While it is also important to consider the individual, there are some common causes of weight gain as identified by TCM. One of the main causes is an excess of mucus in the body. This can occur from the intake of too much dairy. TCM focuses on organ function in a holistic way—recognizing that our organs function together, and not just as individual symptoms. Excess mucus indicates a dysfunction in the lungs or spleen organs. While these individual organs may be okay, their functioning or integrative role in the body is dysfunctional. In TCM, the spleen produces mucus and the lungs store mucus—an imbalance between these two organs can result in weight gain. Along with too much mucus producing foods, a stressful lifestyle can also lead to excess mucus—specifically in the liver. Liver imbalances influence an imbalance in the spleen, which in turn can lead to digestive issues.
Excess water in the body is yet another cause of excess weight from a TCM perspective. The three organs at hand, in this case, are the lungs, spleen, and kidneys. These organs are believed to be responsible for metabolism and the integration of water within the body. For the body to eliminate water, all three of these organs must be balanced and working in harmony.
In TCM our emotions are also an important aspect of overall balance, and each emotion is correlated with an organ (meaning emotions influence our organ function). Holding onto emotions creates a stagnation of the flow of Qi in the body. This can result in the literal manifestation of our emotions as excess weight on the body. In order to function properly, our digestive systems must be strong enough to not only digest food but also digest stress and emotions.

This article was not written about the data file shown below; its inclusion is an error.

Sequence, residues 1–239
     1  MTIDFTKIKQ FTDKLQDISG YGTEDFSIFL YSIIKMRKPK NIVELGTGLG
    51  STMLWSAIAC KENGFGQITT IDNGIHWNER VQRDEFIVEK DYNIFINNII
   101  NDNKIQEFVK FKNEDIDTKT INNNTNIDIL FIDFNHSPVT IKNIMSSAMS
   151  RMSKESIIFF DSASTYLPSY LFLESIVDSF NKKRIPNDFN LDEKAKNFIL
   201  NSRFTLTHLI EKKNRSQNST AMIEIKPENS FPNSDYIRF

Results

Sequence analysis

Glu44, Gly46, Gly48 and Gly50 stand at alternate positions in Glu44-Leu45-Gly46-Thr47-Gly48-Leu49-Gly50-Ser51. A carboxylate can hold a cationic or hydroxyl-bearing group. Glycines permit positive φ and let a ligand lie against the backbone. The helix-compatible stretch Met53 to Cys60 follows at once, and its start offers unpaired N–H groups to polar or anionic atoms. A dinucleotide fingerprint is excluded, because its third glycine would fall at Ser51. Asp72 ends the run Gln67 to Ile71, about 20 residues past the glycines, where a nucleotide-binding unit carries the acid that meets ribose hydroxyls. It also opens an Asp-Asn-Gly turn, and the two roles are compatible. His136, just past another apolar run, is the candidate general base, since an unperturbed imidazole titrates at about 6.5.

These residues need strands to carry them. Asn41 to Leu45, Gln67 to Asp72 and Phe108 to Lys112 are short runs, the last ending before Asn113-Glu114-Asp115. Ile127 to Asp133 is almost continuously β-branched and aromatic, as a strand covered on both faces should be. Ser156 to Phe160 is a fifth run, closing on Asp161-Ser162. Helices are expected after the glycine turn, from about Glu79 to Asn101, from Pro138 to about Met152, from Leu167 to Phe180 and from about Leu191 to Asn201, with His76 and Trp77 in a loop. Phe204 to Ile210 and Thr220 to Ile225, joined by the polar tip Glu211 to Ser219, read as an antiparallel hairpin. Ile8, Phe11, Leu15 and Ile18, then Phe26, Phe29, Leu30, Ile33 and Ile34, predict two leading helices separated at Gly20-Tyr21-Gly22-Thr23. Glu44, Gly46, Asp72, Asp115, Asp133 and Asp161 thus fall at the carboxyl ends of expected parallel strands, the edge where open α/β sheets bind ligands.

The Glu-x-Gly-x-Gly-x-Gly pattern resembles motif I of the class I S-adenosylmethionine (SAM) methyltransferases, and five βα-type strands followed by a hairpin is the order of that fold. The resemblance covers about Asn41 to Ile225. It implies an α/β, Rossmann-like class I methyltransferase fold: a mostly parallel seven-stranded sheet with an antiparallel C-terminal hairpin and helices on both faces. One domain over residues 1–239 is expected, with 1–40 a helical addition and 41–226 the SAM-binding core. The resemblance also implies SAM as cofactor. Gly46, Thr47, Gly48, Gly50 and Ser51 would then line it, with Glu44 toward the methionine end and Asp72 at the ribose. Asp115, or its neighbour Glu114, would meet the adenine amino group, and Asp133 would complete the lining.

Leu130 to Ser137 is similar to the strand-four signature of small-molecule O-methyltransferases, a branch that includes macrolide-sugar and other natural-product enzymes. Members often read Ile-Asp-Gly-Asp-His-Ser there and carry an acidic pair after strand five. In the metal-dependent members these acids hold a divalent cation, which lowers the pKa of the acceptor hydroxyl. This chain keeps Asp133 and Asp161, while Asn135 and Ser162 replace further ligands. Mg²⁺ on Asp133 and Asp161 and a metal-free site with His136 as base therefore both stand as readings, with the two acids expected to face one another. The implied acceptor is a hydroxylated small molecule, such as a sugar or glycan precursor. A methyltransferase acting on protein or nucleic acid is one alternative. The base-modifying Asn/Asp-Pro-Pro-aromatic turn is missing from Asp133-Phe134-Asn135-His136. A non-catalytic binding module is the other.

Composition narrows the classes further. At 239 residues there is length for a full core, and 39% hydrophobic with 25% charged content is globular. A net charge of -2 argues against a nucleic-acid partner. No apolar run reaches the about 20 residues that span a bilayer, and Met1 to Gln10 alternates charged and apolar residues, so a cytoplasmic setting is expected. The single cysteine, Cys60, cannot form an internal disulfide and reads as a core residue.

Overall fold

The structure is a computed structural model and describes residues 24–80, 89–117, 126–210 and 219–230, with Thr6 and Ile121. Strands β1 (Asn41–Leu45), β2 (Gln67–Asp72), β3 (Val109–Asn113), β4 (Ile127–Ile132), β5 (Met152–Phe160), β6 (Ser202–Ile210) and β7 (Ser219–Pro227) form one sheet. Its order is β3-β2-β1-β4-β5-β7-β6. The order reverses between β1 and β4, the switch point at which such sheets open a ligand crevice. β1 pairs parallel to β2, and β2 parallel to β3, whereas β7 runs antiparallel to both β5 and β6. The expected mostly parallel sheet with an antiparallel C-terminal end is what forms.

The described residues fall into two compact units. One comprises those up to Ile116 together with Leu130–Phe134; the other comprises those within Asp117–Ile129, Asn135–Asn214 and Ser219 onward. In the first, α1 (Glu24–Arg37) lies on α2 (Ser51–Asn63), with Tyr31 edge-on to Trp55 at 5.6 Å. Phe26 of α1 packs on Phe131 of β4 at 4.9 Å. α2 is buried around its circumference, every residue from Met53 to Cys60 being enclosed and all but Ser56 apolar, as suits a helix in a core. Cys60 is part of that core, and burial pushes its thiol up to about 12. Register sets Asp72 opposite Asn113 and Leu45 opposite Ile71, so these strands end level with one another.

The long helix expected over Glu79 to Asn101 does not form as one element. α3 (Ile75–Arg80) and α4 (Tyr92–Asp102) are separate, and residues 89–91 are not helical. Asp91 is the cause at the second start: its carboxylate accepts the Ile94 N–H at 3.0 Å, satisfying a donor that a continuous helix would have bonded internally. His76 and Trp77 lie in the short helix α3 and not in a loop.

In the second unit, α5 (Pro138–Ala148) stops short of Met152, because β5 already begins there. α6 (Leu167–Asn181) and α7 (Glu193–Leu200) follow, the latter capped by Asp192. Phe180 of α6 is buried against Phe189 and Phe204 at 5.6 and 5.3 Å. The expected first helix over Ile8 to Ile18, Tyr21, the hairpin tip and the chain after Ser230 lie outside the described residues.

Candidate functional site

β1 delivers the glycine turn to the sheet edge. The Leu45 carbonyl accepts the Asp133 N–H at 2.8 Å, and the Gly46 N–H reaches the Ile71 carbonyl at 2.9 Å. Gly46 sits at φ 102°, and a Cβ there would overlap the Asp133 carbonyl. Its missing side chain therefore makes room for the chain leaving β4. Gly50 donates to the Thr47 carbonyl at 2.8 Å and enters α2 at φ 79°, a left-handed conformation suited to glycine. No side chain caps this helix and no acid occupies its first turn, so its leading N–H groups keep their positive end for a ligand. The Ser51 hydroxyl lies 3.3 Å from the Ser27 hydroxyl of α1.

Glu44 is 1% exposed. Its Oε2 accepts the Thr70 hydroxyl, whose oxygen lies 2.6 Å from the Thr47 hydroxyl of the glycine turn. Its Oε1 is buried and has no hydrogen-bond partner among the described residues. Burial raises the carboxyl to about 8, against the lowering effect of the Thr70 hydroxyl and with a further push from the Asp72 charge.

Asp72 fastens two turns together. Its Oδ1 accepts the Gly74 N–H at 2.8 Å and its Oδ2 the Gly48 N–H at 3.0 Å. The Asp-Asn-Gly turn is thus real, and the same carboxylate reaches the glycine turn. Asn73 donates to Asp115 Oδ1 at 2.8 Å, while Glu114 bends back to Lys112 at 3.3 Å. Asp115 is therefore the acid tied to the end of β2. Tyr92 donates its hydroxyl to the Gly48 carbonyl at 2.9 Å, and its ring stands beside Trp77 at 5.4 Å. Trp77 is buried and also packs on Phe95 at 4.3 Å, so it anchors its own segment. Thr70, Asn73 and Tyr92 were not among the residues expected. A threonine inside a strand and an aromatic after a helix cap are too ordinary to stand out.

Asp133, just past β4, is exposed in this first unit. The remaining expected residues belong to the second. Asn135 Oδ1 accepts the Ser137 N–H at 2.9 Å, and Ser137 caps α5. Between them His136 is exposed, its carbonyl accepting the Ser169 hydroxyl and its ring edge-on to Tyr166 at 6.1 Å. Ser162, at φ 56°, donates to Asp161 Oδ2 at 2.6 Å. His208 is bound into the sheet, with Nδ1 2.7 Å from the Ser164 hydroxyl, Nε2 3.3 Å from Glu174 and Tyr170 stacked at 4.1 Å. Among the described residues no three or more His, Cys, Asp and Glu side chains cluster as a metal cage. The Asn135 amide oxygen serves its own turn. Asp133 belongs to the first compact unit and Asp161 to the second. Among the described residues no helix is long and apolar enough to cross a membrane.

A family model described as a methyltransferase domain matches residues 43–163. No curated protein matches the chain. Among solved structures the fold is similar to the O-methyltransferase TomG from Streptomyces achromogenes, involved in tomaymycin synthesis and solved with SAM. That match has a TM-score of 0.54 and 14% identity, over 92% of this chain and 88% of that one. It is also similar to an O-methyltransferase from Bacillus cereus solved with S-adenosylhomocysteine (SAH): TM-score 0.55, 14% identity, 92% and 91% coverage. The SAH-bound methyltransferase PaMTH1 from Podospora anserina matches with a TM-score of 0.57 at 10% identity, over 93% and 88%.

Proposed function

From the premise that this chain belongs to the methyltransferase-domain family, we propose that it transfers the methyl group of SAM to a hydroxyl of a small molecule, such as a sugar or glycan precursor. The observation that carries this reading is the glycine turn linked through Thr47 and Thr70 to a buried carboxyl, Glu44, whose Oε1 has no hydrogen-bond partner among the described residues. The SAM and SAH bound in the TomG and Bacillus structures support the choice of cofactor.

Where Does Food Come into Play?
Wondering how to lost weight fast naturally? We’ve all heard the phrase “you are what you eat.” To an extent this is true. Food is needed for nourishment and to supply our bodies with the nutrients vital to life. So, while a self-imposed and stringent diet might not be sustainable, our food choices are an important factor in maintaining a healthy weight. The key is in making your diet more of a lifestyle choice, and less of a restriction, which can backfire and lead to binging (ultimately resulting in gaining more weight than was initially lost). When one’s food choices become a lifestyle habit, it is naturally easier to maintain weight. Yes, it is possible to no longer be ruled by cravings!
Mindfulness is a powerful tool that one can apply to eating to help create a lifestyle habit. Mindful eating is a practice of observation in which one learns to identify true hunger and satiety signals from emotional cravings (think the ability to distinguish hunger of the body, verse hunger of the mind). It also involves, literally paying attention to the foods you are eating— the tastes, textures, and the time it takes you to eat your meals. Practicing gratitude is yet another way to bring mindfulness to the table. Always make it a point to eat your meals sitting down and it can be particularly beneficial to share meals with others.
Herbs Can Help Achieve Balance in the Body
Herbs can also be beneficial in helping one to achieve their weight loss goals. Focusing on herbs that support digestive health is often a great place to start. In the traditional medicine system of Ayurveda, it is considered important to stoke the “Agni”, which translates into “digestive fire” before eating meals. The bitter taste can help stimulate digestion, and thus some herbal medicines are categorized as “digestive bitters”. One can simply keep an extract of these bitter herbs around to take before and perhaps even after meals. Start with a few drops of a bitter herb tincture and see how you feel.